Sprout Social’s suite of tools helps social teams master content curation, publishing, community engagement and analytics. For an added boost, brands can add Sprout’s Premium Analytics and Listening solutions to their plan. These add-ons provide even deeper functionality to ensure you have all the data you need to measure ROI, share of voice in your industry, rising social trends and more.
Whatever keeps your social marketing run smoothly should be included in this area of your budget. If you are considering changes or new software trials this year, you may want to include some padding here.
If you’re not quite sure when is the right time to upgrade your social media management software, check out this article where we walk through the telltale signs and considerations to think through before committing to a tool.
Advertising is another big-budget area for social, and for good reason—59% of consumers say social media ads are an influential information source on purchasing decisions. For companies executing multichannel campaigns, you’ll need to decide how much to allocate for each channel.
If you want to build up your audience more on Instagram, then Instagram ads would be the way to go. Thankfully, you can manage both Instagram and Facebook ads from one location or even have the same ad served on both channels.
If you’re just starting out with social media advertising, we advise learning the basics first and experimenting with different platforms, targeting options and content approaches. Testing strategies does take time and money, so you’ll want to factor that into your advertising budget.
Influencer, creator and other business partnerships
Between product collaborations, the booming creator economy and influencer marketing campaigns, brand partnerships are everywhere on social media. They’re effective at increasing your brand presence and getting new customers into the virtual door, but they do cost money to implement, especially depending on the reach of your partner.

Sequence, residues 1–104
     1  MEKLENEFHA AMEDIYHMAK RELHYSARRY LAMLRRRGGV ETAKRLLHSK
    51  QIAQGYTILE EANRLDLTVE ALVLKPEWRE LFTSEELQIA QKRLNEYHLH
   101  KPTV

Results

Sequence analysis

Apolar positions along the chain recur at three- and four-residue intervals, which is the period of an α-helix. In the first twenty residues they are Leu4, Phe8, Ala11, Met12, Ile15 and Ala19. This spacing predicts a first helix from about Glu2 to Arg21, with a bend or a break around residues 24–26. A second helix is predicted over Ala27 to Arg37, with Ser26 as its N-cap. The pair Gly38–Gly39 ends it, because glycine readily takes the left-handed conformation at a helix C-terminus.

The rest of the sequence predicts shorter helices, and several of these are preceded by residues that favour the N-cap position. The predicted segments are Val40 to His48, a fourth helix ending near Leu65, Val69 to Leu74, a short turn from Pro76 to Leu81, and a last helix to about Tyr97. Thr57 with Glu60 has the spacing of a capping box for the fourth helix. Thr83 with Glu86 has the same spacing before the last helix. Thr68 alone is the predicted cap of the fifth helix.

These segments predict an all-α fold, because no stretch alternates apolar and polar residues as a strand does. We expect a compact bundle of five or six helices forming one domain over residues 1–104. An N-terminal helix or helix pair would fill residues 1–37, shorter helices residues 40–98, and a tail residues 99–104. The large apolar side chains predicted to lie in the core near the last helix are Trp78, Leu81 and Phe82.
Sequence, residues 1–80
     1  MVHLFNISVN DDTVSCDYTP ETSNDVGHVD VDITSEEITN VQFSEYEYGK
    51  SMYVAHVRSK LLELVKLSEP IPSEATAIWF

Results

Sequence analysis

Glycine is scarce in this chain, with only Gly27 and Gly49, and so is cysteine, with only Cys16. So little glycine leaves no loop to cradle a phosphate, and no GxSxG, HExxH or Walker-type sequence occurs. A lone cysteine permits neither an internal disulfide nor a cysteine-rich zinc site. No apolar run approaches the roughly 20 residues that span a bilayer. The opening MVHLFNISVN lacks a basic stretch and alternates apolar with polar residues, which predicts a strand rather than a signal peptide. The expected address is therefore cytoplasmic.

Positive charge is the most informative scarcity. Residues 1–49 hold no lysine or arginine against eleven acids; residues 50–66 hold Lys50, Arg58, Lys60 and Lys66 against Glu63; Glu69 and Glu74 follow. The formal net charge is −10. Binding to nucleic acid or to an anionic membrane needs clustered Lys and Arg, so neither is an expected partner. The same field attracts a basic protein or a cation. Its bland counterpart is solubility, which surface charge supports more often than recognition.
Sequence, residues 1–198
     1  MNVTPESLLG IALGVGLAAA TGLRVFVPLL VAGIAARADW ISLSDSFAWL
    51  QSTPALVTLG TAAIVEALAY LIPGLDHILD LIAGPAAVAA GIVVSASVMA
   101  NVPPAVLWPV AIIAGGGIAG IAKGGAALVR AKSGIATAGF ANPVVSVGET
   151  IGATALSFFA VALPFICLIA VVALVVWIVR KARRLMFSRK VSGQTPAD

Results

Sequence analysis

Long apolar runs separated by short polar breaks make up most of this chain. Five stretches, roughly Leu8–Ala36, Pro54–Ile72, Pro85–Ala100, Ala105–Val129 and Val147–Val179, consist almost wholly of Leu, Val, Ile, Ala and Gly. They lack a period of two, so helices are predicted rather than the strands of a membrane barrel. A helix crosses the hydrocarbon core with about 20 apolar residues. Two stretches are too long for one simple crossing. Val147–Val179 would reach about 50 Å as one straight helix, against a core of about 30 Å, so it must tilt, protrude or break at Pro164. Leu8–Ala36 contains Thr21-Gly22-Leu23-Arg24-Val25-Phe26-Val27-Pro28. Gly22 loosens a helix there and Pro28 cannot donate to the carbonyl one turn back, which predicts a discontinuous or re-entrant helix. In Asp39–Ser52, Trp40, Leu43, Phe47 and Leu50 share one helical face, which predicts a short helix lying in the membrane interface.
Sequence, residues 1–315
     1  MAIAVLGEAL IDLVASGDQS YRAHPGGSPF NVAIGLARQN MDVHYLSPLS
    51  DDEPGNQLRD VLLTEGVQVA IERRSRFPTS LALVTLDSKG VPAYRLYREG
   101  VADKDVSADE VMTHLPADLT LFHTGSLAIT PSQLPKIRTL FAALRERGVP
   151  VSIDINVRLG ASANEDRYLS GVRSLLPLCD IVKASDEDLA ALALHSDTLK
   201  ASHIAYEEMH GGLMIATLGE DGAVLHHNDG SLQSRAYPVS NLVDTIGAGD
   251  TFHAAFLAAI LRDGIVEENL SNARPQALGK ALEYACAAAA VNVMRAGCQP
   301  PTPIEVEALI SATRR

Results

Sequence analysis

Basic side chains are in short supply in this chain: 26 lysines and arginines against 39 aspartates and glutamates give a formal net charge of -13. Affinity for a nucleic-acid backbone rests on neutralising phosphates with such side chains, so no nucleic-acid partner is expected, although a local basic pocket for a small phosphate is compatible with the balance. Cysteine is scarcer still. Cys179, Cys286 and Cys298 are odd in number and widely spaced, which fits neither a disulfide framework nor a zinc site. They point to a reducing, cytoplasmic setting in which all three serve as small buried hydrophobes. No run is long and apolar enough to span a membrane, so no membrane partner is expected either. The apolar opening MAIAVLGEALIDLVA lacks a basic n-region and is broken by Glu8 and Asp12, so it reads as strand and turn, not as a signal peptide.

A celebrity will inevitably be more expensive than a microinfluencer, so it’s important to do your research so you choose the right partner for your brand and reap the greatest ROI.
While you’re cementing your contract with brand partners, make sure to incorporate a mutually agreed-upon social reporting plan so both parties can track how well the partnership performs.
In the end, a budget helps you organize your team and your strategy. For larger companies, a budget (and analytics to rationalize it) are critical to advocate for more money. Social media budgets aren’t limited to only the personnel who run your accounts or the time it takes to assemble posts. Budgets also include the software you use, content creation and production, advertising, training and paid partnerships.
Budgeting isn’t a one-and-done exercise. Was that campaign actually worth the time and money you put in or was it a sinkhole? Could you have spent less on advertising but had the same outcome? These types of questions can be answered as long as you’re continually tracking social metrics and reevaluating your budget.
Between content performance, hashtag analytics, ad spend and team productivity reports, Sprout Social tracks the data you need to inform the budget considerations above.
With Sprout’s Premium Analytics, social marketers can create custom reports that pull the most important data points into a single source of truth that you can share with stakeholders. Once you have it all laid out, it’s much easier to determine your ROI and identify potential adjustments.
Whether you need a bigger budget, analytics tools or a new team member, you’ll probably need to build a business case to secure executive buy-in. Download this free template to build a compelling foundation for your proposal.